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City of Hope scientists destroy leukemia stem cells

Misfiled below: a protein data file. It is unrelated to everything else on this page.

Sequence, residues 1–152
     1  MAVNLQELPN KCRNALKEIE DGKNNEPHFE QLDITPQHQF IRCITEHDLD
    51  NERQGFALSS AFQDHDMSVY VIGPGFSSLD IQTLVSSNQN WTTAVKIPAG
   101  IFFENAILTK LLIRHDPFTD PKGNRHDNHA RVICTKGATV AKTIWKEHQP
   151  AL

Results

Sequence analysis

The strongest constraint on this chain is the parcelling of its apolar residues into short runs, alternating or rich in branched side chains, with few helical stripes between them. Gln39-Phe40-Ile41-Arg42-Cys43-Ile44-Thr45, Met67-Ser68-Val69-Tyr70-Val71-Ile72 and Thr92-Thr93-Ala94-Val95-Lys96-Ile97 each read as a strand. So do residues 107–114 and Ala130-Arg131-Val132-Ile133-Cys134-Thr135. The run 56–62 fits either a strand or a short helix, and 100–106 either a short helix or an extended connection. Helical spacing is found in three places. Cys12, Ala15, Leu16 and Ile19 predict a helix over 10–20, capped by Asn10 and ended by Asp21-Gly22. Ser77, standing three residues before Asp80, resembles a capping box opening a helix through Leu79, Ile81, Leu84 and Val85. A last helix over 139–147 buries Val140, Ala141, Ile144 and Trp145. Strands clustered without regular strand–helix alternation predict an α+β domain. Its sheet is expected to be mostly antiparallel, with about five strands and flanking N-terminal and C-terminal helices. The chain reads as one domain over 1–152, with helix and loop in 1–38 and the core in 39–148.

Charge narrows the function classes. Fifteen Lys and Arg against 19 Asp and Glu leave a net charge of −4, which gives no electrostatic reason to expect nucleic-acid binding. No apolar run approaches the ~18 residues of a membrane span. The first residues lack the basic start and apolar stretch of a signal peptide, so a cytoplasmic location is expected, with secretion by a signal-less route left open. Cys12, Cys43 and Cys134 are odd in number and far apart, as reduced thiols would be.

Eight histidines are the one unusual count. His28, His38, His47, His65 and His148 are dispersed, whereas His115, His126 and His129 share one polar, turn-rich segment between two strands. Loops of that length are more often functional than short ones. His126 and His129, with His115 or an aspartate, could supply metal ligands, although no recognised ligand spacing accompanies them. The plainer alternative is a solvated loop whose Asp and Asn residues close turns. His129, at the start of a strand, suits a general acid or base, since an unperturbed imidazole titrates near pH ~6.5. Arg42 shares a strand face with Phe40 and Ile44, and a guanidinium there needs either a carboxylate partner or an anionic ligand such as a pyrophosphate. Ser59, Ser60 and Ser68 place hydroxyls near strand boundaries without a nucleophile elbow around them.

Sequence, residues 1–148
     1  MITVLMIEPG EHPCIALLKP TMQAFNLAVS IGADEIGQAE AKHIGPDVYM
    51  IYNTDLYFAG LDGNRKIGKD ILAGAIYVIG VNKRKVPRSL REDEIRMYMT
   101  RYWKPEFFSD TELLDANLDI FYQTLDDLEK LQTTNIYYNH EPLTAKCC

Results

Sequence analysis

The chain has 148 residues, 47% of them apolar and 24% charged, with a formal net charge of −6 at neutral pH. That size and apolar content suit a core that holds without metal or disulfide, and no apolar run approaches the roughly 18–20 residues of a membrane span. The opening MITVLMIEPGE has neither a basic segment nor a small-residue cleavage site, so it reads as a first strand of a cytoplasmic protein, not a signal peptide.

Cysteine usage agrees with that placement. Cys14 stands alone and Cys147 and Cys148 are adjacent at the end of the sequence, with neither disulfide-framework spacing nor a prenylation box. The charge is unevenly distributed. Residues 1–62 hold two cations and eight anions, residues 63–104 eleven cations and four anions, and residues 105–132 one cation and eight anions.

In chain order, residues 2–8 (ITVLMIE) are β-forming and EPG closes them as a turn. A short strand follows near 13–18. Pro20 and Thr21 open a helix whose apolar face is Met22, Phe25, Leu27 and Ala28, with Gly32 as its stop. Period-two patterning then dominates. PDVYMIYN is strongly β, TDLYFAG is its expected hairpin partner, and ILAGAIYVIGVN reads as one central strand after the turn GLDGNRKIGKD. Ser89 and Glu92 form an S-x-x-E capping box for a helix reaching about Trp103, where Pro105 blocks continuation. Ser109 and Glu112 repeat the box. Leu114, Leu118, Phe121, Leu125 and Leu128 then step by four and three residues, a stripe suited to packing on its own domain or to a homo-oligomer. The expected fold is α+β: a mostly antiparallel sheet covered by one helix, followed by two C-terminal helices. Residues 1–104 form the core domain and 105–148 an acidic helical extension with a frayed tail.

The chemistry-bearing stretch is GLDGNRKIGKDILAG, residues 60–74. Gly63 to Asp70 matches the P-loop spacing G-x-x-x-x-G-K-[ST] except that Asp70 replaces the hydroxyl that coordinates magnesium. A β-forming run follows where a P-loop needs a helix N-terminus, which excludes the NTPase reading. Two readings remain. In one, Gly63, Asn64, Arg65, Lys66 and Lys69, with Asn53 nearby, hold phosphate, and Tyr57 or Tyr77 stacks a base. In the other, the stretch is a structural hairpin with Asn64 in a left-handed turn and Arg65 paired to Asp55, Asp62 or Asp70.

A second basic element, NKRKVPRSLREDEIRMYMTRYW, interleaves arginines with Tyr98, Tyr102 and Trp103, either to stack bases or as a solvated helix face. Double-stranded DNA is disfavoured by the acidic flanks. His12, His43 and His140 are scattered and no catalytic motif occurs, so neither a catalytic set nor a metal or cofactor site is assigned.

Scientists at City of Hope, one of the largest cancer research and treatment organizations in the United States, have devised an innovative approach to target and destroy hard-to-kill leukemia stem cells. The journal Blood published the preclinical findings today. By overcoming challenges, such as drug resistance and treatment relapse common to patients with acute myeloid leukemia (AML), the therapy method could provide a less toxic and more effective approach for older and sicker patients who don’t quality for stem cell transplants — currently the only cure for AML available. Type II interferon (IFNy), a substance produced by immune cells, disrupts the leukemia stem cells’ ability to divide and spread cancer. However, IFNy also stimulates CD38, a protein that suppresses the immune cells’ ability to mount a response against infection. To overcome this challenge, the researchers designed a T cell engager antibody called CD38-BIONIC that creates a bridge between the T cells and the leukemia stem cells expressing CD38, enabling the immune system to kill off the cancer cells. Equally important, the approach did not damage healthy early blood stem cells or immune cells in human tissue or AML mouse models.

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